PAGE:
[Image: Bunch of Grapes]
Today's Wine Tasting Note

© Copyright 1999 by Robin Garr. All rights reserved.

Y2K Champagne shortage?
Yes, I know the Millennium won't really arrive until Jan. 1, 2001. But all indications are that anyone who puts off celebrating is going to miss one whale of a party this coming Dec. 31, when the calendar rolls over like the odometer on your old jalopy.

Millennium fever is upon us, with symptoms ranging from a proliferation of "countdown clocks" to cults and ominous prophecies that the End Times are near. Here's one scary prediction that's been making the rounds: So many people are planning to pop a cork for this one-in-a-thousand celebration that the world might run short of Champagne by the end of '99.

Is this a serious threat? Perhaps, depending on how picky you are.

If only the genuine article will do -- the fine sparkling wine hand-made from Chardonnay and Pinot Noir grapes in the Champagne region around Reims, France -- then there's no question that millennial fever will create a strong demand. But most revelers will be happy with more affordable products, and you can be confident that the makers of budget sparklers are already ramping up production to take advantage of a good thing.

So, yes, shortages of luxury Champagnes are possible, and in the weeks before New Year's, it's possible that individual retailers may run short on inventory and have to restock. But the industry certainly shouldn't have any trouble supplying the demand for everyday bubbly.

Still, if you want to celebrate with something special, there's no reason not to be cautious and stock up early. Quality Champagne should last for at least a year, stored either upright or on its side in a cool, dark part of your house.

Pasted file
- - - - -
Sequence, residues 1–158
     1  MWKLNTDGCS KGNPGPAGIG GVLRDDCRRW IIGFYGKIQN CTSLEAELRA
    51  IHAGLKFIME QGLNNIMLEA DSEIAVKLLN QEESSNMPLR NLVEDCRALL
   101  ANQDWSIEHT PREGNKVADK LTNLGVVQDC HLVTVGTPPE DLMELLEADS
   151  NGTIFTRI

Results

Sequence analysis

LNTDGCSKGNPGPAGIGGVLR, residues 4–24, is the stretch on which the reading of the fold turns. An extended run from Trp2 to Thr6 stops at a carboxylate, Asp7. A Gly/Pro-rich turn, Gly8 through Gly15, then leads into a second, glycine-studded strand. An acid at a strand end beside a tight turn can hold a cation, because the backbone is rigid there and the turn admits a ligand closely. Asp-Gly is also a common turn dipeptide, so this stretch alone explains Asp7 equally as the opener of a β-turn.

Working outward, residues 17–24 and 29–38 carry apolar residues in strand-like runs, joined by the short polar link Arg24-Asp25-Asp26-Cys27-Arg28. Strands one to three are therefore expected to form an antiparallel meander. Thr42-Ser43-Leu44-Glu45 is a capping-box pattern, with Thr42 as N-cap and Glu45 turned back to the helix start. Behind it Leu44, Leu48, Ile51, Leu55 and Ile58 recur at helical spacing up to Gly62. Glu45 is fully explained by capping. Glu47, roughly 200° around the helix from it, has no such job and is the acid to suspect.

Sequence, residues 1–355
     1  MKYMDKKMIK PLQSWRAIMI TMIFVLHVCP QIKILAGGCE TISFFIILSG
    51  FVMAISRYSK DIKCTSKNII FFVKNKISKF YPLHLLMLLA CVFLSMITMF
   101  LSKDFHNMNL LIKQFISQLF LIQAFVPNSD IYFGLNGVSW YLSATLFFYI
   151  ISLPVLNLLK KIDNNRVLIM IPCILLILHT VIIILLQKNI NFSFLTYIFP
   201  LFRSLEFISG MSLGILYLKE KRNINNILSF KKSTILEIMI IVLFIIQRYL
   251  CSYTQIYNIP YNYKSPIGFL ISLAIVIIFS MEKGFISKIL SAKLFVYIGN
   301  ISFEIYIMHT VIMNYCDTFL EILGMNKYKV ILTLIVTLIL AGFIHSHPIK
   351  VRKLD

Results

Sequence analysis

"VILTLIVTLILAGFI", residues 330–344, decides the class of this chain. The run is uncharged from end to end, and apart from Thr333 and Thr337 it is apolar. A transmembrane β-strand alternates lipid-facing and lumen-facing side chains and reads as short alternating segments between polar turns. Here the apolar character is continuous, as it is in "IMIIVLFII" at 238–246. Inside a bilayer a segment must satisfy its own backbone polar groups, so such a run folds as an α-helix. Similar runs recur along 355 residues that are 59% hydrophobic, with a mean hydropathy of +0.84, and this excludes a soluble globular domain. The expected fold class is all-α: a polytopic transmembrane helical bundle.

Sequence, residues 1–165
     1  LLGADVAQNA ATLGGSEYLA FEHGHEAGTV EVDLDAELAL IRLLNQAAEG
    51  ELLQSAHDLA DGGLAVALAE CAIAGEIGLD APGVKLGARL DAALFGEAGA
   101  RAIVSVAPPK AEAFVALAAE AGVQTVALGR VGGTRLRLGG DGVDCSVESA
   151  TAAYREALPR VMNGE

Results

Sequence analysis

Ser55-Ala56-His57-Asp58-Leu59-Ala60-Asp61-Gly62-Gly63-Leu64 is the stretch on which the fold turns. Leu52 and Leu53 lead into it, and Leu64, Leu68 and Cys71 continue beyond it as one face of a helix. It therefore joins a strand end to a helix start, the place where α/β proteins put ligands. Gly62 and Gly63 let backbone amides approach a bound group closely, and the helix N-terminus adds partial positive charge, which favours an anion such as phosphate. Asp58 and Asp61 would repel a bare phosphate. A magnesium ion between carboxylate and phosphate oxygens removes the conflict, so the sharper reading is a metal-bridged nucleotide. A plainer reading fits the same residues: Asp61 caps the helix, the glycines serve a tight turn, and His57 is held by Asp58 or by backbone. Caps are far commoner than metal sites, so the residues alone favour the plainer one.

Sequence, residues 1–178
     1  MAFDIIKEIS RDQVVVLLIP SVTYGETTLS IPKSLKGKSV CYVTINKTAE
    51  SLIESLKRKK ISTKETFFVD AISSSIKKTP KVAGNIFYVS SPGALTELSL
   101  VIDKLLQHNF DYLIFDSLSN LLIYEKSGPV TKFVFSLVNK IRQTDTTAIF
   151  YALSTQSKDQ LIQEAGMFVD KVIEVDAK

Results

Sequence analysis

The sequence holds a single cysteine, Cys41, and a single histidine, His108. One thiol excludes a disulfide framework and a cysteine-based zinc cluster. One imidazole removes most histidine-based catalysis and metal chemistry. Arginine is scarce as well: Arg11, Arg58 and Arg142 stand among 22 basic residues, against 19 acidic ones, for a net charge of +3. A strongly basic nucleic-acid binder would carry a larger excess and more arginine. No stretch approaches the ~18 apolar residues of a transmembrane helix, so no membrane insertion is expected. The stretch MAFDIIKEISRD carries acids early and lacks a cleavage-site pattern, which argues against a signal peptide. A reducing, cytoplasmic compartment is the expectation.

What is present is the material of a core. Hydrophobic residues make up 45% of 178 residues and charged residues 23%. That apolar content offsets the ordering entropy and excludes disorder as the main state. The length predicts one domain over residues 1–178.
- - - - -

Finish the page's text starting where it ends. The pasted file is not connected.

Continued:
Here are two midrange sparklers -- one very fine Champagne and a top-end California bubbly -- that ought to do justice to a Millennial celebration.

Feuillatte Champagne Nicolas Feuillatte non-vintage Brut Premier Cru ($24.99)
Very pale straw color, shows a constant stream of pinpoint bubbles in the glass. Perfumed apple fruit and a delicious hint of something like dark, bitter chocolate makes for a thoroughly appetizing aroma. Creamy on the palate, light and fresh, its flavors are clean, delicate and balanced; comparing it with the California bubbly is like contrasting a subtle watercolor to a Technicolor movie. They're both fine wines, but with both open on the table, this is the one that passes the "give me another glass" test. Outstanding, a match for much more pricey Champagnes. U.S. importer: Martin Sinkoff Wines Inc., Dallas. (Feb. 20, 1999)

J "J" 1994 Sonoma County Sparkling Wine ($26.99)
Pale straw color, with an abundant fountain of tiny bubbles that lasts and lasts. Good crisp apple-like fruit aromas add an odd, almost buttery or tallowlike element, a background nuance that's not unpleasant but quite unusual. An almost frothy level of carbonation makes this a mouth-filling wine, with a good, fresh-apple and tropical fruit flavor. Far above the standard for California sparklers, it bears some resemblance to a fat, buttery California Chardonnay ... with bubbles. (Feb. 20, 1999)

FOOD MATCH: Both sparklers made a very fine match indeed with pan-grilled veal chops finished with a splash of Bourbon and a bit of butter.

Clock This wine was featured in The 30 Second Wine Advisor, my free weekly E-mail bulletin of quick wine tips, advice and tasting notes. Click here to join the E-mail list!

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All my wine-tasting reports are consumer-oriented. In order to maintain objectivity and avoid conflicts of interest, I purchase all the wines I rate at my own expense in retail stores.

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